In “Chicken Run: Dawn of the Nugget” we catch up on Ginger and the rest of the chickens, who now live on an idyllic island free of humans and peril. But after a few years, there’s a revolution in the food industry that poses a real threat to all of chickenkind: nuggets. This forces Ginger to assemble a squad to break into a massive chicken farm where they face new and familiar dangers. Where the first film employed 30 sets, the sequel used 120 sets — from the elaborate island where the chickens live to the massive factory compound that they break into.

For director of photography Charles Copping, the true breakthrough in managing all these big sets was the use of virtual production. “First Man” was the first Aardman film to use the technology, but it became the key to “Chicken Run: Dawn of the Nugget.” Essentially, virtual production allows filmmakers to visualize fully rendered visual effects on digitally scanned versions of live-action sets. What it means for this film is being able to plan out sets and shots before the puppets start moving, saving a lot of time.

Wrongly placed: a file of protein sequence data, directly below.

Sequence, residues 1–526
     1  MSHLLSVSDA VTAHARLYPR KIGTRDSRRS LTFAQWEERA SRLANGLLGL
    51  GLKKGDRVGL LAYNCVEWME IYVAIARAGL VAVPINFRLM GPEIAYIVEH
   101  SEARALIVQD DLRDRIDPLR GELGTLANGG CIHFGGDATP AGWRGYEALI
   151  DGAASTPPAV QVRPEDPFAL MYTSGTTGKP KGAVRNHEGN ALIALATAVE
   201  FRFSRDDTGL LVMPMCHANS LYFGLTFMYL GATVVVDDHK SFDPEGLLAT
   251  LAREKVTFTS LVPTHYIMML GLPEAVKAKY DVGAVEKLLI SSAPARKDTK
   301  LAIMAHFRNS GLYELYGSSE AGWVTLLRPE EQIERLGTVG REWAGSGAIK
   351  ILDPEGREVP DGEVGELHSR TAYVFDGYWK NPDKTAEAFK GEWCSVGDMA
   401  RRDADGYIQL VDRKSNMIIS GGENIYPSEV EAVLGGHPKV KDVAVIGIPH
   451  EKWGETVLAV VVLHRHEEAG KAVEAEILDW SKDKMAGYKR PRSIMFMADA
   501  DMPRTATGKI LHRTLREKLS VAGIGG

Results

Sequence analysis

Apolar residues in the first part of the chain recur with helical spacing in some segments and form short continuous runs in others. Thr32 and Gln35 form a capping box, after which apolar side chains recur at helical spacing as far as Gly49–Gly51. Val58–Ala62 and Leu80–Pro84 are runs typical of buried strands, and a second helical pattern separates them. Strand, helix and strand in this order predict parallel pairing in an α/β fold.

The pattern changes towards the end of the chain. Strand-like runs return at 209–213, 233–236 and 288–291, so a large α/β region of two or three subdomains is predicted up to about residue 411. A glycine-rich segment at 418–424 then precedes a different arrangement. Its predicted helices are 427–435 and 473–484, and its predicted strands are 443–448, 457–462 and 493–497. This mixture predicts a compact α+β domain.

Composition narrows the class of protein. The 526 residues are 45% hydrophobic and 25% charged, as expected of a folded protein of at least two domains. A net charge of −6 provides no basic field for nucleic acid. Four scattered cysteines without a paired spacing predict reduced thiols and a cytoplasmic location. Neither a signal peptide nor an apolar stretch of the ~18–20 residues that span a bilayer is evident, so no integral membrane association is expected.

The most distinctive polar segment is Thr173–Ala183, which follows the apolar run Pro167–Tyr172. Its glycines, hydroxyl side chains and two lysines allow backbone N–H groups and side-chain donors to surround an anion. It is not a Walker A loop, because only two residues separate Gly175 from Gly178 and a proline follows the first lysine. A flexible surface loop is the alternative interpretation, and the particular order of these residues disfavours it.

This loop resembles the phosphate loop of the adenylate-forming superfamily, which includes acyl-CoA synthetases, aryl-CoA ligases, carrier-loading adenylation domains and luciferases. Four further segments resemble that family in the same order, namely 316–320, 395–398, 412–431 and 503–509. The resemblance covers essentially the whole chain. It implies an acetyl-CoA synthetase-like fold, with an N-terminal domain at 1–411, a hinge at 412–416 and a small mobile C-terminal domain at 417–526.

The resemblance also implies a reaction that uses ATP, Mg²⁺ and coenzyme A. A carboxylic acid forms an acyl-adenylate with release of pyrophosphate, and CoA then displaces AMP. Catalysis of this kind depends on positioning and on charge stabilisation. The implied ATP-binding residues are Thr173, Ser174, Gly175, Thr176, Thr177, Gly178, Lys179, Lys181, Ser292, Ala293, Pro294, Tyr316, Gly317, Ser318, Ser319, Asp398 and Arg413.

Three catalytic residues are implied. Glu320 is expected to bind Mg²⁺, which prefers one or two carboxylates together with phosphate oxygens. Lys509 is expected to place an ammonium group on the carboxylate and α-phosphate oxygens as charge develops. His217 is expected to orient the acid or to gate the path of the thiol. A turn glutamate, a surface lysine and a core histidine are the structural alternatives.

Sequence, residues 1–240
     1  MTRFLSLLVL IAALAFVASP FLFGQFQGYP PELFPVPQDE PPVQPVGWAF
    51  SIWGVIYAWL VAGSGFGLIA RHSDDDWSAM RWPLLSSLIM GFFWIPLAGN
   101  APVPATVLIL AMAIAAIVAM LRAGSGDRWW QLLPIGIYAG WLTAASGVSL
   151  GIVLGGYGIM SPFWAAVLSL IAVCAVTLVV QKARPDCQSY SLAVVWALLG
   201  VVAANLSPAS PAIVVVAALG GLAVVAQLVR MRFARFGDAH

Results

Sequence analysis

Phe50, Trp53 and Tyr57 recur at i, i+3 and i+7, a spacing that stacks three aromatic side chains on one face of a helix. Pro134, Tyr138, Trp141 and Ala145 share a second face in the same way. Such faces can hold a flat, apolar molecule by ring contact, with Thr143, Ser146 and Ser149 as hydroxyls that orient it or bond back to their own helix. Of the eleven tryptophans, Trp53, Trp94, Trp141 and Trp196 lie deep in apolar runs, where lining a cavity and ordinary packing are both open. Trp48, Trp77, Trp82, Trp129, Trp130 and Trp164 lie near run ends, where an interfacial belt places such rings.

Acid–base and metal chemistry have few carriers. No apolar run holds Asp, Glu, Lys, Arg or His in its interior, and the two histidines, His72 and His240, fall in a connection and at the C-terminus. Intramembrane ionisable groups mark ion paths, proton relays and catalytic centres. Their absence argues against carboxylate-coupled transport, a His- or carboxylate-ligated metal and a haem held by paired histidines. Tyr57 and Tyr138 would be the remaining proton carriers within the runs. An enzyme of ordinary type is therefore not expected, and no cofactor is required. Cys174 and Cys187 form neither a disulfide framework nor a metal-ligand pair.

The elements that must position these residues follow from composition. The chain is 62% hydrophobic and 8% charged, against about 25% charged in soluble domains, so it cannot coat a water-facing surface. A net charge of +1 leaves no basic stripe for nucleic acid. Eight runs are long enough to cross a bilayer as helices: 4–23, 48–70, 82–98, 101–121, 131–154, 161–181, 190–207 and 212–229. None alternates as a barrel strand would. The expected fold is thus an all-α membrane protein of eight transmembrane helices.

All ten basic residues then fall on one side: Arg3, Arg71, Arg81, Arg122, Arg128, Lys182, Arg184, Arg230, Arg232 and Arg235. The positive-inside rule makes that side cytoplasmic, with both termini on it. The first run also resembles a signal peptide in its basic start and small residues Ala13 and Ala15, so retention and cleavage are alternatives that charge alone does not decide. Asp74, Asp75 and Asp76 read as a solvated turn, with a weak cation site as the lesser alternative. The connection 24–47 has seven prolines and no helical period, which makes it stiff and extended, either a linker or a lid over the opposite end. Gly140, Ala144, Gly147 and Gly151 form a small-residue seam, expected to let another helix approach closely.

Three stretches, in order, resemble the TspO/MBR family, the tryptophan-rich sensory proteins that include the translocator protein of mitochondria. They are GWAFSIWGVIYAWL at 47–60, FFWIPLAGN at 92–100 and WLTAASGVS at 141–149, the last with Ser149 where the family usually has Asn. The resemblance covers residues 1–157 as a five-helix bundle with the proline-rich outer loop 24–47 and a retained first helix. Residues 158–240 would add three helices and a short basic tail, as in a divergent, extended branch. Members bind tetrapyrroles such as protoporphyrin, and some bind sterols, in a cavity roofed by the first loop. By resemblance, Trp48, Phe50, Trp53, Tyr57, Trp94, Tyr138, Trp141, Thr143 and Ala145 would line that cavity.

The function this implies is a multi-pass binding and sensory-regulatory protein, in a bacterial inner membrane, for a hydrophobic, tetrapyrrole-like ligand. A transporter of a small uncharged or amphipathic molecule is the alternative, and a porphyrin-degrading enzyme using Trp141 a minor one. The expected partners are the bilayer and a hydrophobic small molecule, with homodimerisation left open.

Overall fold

“We’ve embraced new technology,” Copping said. “We have software that tracks the camera position, and we can see real-time the virtual production which starts off as a sort of a pre-vis world, but as the CGI department finesses it all, we get a real-time representation of what’s going to be beyond the characters in the digital backgrounds.”

CHICKEN RUN: DAWN OF THE NUGGET, (aka CHICKEN RUN 2), center three from left: Frizzle (voice: Josie Sedgwick-Davies), Molly (voice: Bella Ramsey), Rocky (voice: Zachary Levi), 2023. © Netflix /Courtesy Everett Collection
“Chicken Run: Dawn of the Nugget”©Netflix/Courtesy Everett Collection